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Galen Kerr seizes the moment as ace at Concord-Carlisle

CONCORD — Everyone who knows Galen Kerr has noticed that a weight has been lifted. Out in the circle, as she mows down opposing hitters, she smiles more than ever.

“I’m just having fun,” she said. “It’s my senior year and I’m not feeling the pressure I felt last year. I’m just enjoying it.”

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A year ago, Kerr told herself that she needed to do it all for Concord-Carlisle High’s softball team to find success. After a few wayward pitches or a bad call, that burdensome approach caused the soft-spoken righty to show her frustration in her body language. It followed her away from the field, and fueled long talks with her father, Tom , during rides home to try to resolve the day’s disappointment.

Now, with a more laid-back approach, she has been close to untouchable. She has an earned run average of 0.94 and her WHIP (walks and hits per inning pitched) is a minuscule 0.88. She strikes out an average of 10 hitters every game, and has helped pushed the Patriots (13-0) to their ninth straight Dual County League title.

“She’s a worker,” said Concord-Carlisle coach Lisa McGloin . “She’s a tough player. She’s very quiet, but her competitiveness and her willingness to do what it takes for the team is neat to watch.”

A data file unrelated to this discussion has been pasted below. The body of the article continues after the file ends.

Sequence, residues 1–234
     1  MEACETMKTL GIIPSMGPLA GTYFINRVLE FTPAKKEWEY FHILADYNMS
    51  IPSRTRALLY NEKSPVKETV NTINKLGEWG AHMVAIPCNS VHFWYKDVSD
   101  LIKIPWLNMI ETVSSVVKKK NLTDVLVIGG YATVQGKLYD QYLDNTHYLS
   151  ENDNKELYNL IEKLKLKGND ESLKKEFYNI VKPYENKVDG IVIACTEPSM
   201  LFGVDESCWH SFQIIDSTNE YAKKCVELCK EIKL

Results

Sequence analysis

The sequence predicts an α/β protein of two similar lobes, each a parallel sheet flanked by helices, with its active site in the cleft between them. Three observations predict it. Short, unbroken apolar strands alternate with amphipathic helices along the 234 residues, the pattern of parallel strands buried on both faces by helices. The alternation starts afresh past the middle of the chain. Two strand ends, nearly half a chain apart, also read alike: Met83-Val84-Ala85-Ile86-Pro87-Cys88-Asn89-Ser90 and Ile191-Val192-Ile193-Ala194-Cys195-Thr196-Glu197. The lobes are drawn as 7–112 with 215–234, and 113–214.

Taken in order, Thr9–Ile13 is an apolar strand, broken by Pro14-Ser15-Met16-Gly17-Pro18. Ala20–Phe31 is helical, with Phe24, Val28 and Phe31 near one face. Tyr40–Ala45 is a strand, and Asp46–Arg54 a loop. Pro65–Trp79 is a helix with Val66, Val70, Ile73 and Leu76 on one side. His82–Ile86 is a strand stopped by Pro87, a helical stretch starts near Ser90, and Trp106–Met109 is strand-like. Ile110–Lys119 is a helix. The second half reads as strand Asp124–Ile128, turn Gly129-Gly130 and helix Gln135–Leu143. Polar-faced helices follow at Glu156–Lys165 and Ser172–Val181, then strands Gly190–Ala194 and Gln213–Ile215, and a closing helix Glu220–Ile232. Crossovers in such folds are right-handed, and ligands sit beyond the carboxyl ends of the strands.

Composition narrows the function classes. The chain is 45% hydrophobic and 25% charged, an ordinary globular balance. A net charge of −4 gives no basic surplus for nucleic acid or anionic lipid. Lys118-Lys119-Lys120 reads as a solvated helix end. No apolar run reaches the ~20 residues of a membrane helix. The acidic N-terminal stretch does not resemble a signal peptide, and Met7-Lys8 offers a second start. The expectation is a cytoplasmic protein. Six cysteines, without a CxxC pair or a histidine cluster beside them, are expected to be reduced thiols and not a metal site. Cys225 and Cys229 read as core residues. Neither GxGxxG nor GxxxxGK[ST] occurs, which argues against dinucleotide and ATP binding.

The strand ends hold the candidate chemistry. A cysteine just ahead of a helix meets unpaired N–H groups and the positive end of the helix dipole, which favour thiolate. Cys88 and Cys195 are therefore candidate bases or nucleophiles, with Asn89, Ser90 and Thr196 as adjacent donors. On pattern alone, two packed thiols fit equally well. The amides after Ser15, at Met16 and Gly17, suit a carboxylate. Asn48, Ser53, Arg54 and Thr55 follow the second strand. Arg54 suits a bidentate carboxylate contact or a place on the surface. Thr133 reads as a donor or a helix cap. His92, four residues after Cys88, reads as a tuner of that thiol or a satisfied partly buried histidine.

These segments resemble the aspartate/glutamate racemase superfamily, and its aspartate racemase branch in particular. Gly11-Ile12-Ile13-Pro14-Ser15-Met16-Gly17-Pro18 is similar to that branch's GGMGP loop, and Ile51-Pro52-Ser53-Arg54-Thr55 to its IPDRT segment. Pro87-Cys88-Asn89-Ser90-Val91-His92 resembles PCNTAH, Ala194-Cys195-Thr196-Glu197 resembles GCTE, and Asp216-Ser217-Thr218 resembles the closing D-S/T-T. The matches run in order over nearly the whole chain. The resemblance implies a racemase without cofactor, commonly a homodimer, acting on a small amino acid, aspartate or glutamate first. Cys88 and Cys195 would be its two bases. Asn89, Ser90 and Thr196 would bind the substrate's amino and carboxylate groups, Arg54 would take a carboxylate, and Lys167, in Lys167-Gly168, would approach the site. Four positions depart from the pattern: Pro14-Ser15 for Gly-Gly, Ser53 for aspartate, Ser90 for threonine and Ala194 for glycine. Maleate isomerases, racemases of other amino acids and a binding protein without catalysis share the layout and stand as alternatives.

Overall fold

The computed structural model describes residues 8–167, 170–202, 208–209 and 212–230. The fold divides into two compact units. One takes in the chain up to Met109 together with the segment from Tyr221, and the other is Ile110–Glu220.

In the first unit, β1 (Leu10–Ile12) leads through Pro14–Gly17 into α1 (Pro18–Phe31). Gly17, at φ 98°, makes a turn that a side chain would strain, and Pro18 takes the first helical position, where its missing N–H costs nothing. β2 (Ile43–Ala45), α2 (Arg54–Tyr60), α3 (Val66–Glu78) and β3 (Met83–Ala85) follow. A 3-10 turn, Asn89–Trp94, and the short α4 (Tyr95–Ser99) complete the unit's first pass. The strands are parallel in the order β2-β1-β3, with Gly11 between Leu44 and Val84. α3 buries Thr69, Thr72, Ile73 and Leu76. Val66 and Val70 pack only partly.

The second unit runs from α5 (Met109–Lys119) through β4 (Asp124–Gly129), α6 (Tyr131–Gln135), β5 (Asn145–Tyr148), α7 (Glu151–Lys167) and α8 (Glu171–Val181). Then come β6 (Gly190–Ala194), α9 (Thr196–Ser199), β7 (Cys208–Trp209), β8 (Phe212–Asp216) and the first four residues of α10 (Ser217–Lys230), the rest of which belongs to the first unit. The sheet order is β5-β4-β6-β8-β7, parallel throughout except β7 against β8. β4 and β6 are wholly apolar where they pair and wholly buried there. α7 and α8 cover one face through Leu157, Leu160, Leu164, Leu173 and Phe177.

Kerr’s newfound demeanor can be traced back to last summer, when she didn’t pitch a single inning.

She found out late last spring that she had a partially torn ulnar collateral ligament in her throwing elbow, meaning she would either need rest and rehabilitation, or surgery.

Galen Kerr is ‘a worker. She’s a tough player. She’s very quiet, but her competitive-ness and her willingness to do what it takes for the team is neat to watch.’

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She chose the former, and spent months watching her friends on the Concord Raiders Elite travel team play without her. From her sideline perspective, she learned more about the game. But one lesson stood out among the others: Don’t take anything for granted.

“It renewed my want to play the game,” Kerr said. “I just came back so much more excited about it. Now that I’m playing again, I don’t want to let it go.”

She will join the women’s softball team at Wheaton College in Norton next year, but before then she hopes to help guide the Patriots to a long postseason run.

Twice a week in practice she pitches against her teammates, which has made their at-bats against most opponents feel relatively easy. As a team, Concord-Carlisle has a lofty batting average of .436. Junior catcher Angela DeBruzzi leads the way, hitting .512.

“We challenge each other and I think that’s one of the reasons why we’re so successful this year,” DeBruzzi said. “We do have expectations, and we’re all pushing each other and challenging each other.”

With eight starters back from last year’s team, including senior cocaptains Kerr, Belle Hankey and Hannah Yang , ­McGloin feels that her duties have been made simpler.

“I have the easiest job in America,” she said. “I go out and show them some skill work, and they work their tails off. They come earnestly, openly, and engaged to every single practice, every single thing that we do. I’ve had more fun coaching this group of kids than I’ve had in a long time coaching.”

Still, McGloin can be demanding. By now, her veteran group understands and respects her methods.